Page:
FAIRFIELD — An officer responds to call about an out of control person. On scene, that person won’t obey any commands from the officer.

Should he wrestle the man to the ground? Hit him with a Taser? These days, a Fairfield officer is more likely than not going to take a step back, and simply talk.

“It’s a way to empathize, to ask questions,” said Sgt. Peter Koval, head of the department’s Crisis Intervention Team. “It’s different than the traditional method of just rushing in. It’s more trying to talk to them, and help connect them to services that might be beneficial to them.”

Part of the Patrol Division, the CIT was formed in 2011, and is made up of trained patrol officers, dispatchers and detectives. Participants receive training to help differentiate between between someone simply being difficult, and someone who may be in the grips of a mental health or substance abuse crisis.

“It’s beneficial to all of us,” Koval said. “Our safety is also important.”

Officer Tom Gorton, on the force for a year and a half, recently became certified as a member of the CIT.

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Goals for the CIT

Less need for the use of Lethal Force

Reduction in injuries to mental health consumers

Reduction in officer injuries

Reduction in Emergency Room recidivism

Jail Diversion

Reduction in civil litigation

Improvements in community relations

“I just finished a follow up,” Gorton said, and that is another part of the CIT approach. It’s not simply one visit to residence, write a report, and case closed. Team members, he said, will make follow up visits. “We’ll knock on their door and offer any other assistance.”

“We do go back, and we check on them,” Koval, a 13-year veteran of the force, said, “and check on their well being.”

The training, Gorton said, helps officers to gain a new perspective. “Sometimes, a person isn’t responding to you because they’re hearing voices,” he said. During one training exercise, Gorton said, they had to put on headphones, and for 45 minutes, listen to other voices.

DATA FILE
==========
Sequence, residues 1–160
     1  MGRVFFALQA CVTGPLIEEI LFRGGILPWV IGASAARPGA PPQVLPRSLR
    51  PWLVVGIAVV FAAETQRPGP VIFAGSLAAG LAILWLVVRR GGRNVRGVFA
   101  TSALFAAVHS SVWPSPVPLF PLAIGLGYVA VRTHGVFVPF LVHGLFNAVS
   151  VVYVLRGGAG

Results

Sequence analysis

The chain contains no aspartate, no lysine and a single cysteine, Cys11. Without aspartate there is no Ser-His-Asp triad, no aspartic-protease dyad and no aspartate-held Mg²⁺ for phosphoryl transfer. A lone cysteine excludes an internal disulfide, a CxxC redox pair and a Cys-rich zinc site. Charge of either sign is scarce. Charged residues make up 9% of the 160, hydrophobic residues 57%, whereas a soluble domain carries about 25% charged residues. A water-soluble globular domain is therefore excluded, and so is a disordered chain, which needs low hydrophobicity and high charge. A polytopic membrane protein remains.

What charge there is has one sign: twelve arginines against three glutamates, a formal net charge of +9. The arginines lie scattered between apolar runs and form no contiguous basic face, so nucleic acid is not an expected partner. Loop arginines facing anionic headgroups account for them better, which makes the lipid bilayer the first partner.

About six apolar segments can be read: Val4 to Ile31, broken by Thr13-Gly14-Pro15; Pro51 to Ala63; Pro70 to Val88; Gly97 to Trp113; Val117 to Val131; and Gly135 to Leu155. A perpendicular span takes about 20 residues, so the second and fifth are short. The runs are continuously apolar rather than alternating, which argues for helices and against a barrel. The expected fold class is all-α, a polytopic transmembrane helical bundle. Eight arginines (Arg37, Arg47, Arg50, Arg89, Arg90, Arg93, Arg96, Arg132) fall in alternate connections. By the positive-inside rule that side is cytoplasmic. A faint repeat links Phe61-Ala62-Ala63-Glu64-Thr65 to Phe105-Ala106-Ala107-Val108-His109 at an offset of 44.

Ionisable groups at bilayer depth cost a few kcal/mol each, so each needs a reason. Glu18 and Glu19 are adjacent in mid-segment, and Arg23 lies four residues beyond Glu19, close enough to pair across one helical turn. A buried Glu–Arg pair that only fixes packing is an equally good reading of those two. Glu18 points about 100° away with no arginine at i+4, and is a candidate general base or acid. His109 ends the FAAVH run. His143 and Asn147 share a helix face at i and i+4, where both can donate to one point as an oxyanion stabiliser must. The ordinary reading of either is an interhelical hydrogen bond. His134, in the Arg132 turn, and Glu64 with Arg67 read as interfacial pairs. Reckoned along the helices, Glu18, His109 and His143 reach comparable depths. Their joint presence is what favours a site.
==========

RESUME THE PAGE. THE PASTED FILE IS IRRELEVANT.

It gives you an idea, he said of what a schizophrenic is going through. “Of course, we could take the headphones off,” Gorton said.

“If you don’t know what they’re going through, you may not understand,” Koval said. “Imagine hearing that 24 hours a day.”

Koval said there are CIT-certified officers on all three shifts, and all of the school safety officers are also certified.

“If we can reach a person, and at least connect them with someone, and improve their quality of life,” Koval said, it means the CIT idea is working.

But the CIT training also comes in handy in other aspects of a police officer’s job, Koval and Gorton said.

“Even with a traffic stop, and you have someone yelling at you,” Koval said. “You have no idea what kind of a day they’ve had, and they may be just taking their anger out on you. You can ask them some questions, and even if you still give them a ticket, maybe they drive away a bit calmer.”

Team members are also prepared to intervene with elderly residents, who may be living on their own, with no family nearby. They will check for signs of hoarding, and check the refrigerator to make sure there is food, and that they are able to obtain any needed medical prescriptions.

If necessary, police will make referrals to the town’s Social Services Department.

Koval said that whenever the CIT training is held, the department tries to send a few more officers. “We’ll send as many as we can,” he said.

According to Deputy Chief Chris Lyddy, the goal is to have 25 percent of the organization certified.

“When we have that, we’re confident if any call for service, we would have enough officers available to handle the volume,” Lyddy said

Lyddy said CITs are growing in popularity across the country, but it may take years to see the residual affect on crime statistics. “But the main purpose is that we acknowledge that mental health is a very important aspect of law enforcement, and one that requires continued followup,” he said.

Lyddy did say, however, “clearly, we seeing an important after affect of improved community relationships.”